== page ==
A group of top American libraries and academic institutions launched a new centralized research resource today, the Digital Public Library of America (DPLA), making millions of resources (books, images, audiovisual resources, etc.) available in digital format.[...]
Here is a rare recording of Flannery O’Connor reading an early version of her witty and revealing essay, “Some Aspects of the Grotesque in Southern Fiction”:
O’Connor gives an eloquent outline of her vision as both a Southern and a Catholic writer. She defends her work against critics who say it is highly unrealistic.[...]
Everybody is familiar with Francis Cugat’s original cover art for The Great Gatsby. It famously gives expression to lines from Fitzgerald’s classic work — lines that talk about Daisy Buchanan as the “girl whose disembodied face floated along the dark cornices and blinding signs.[...]
It’s in Pittsfield, Massachusetts, right in the midst of the Berkshires. Needless to say, not a drop of water in sight.
Now that I’ve got your attention, let me give you an update on The Moby Dick Big Read project.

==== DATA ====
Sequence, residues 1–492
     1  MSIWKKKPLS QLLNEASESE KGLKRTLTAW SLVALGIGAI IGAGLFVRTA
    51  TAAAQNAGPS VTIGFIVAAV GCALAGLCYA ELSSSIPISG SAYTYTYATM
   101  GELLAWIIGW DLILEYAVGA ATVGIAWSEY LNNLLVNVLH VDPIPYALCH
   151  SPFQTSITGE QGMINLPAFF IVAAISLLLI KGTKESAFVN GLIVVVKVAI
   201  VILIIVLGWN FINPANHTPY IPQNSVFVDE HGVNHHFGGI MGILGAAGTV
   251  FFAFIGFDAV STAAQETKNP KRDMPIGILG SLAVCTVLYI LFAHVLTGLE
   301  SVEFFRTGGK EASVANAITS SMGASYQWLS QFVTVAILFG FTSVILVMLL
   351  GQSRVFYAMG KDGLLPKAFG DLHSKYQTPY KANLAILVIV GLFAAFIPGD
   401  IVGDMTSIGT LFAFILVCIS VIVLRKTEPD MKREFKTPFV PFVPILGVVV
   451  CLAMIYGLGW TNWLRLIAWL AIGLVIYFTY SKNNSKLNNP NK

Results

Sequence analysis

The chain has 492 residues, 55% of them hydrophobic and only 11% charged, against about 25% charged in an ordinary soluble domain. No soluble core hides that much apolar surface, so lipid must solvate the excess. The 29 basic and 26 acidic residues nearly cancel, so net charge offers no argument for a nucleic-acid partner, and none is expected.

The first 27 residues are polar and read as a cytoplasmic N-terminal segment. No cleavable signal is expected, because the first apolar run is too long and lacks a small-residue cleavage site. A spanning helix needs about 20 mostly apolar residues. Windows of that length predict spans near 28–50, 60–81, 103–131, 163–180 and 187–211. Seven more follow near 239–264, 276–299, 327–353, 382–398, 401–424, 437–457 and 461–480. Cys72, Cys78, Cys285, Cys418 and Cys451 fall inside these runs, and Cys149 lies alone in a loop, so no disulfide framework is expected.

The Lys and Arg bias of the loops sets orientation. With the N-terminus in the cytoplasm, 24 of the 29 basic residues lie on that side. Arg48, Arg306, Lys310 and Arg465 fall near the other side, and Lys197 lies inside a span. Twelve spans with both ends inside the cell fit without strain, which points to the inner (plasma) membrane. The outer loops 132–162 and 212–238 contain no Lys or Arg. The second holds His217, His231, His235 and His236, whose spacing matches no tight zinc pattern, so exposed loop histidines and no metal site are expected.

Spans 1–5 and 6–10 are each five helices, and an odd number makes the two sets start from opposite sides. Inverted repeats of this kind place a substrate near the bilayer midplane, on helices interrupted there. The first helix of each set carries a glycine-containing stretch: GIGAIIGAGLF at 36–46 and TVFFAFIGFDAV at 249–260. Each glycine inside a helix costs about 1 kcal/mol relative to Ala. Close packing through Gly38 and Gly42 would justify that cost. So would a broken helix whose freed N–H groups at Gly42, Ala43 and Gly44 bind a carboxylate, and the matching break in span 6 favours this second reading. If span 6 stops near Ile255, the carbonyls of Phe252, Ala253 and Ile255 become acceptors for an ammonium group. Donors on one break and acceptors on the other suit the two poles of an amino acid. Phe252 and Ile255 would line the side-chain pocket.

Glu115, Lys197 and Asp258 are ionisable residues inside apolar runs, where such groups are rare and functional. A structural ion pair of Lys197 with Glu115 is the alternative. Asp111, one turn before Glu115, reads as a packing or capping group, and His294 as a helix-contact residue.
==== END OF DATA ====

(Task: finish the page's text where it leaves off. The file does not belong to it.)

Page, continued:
Samuel Beckett was notoriously shy around recording devices. He would spend hours in a studio working with actors, but when it came to recording a piece in his own voice he was elusive. Only a handful of recordings are known to exist. So the audio above of Beckett reading a pair of his poems is extremely rare.[...]
For almost a century, writers and other creative people have found inspiration and a profound sense of validation in the Bohemian-Austrian poet Rainer Maria Rilke’s posthumously published Letters to a Young Poet.[...]
Ernest Hemingway took a dim view of Hollywood. He once said that the best way for a writer to deal with the movie business was to arrange a quick meeting at the California state line. “You throw them your book, they throw you the money,” he said.”Then you jump into your car and drive like hell back the way you came.[...]
I’ll be the first one to admit it, The DaVinci Code isn’t exactly an easy fit on a site that promises to talk about “the best cultural media” out there. But Dan Brown’s 2003 mystery novel has sold north of 80 million copies and now finds itself translated into 44 languages.[...]
We’ve had a lot of fun—and some debate—lately with reading lists from people like Carl Sagan, Neil DeGrasse Tyson, and even Marilyn Monroe (via her library). And we’ve featured undergraduate syllabi from the teaching days of David Foster Wallace and W.H. Auden. Now for something more-or-less formal than those.[...]
When Marilyn Monroe died in August, 1962, she left behind a lot of broken hearts and some good books. Once married to playwright Arthur Miller, Monroe stocked about 400 books on her shelves, many of which were later catalogued and auctioned off by Christie’s in New York City.[...]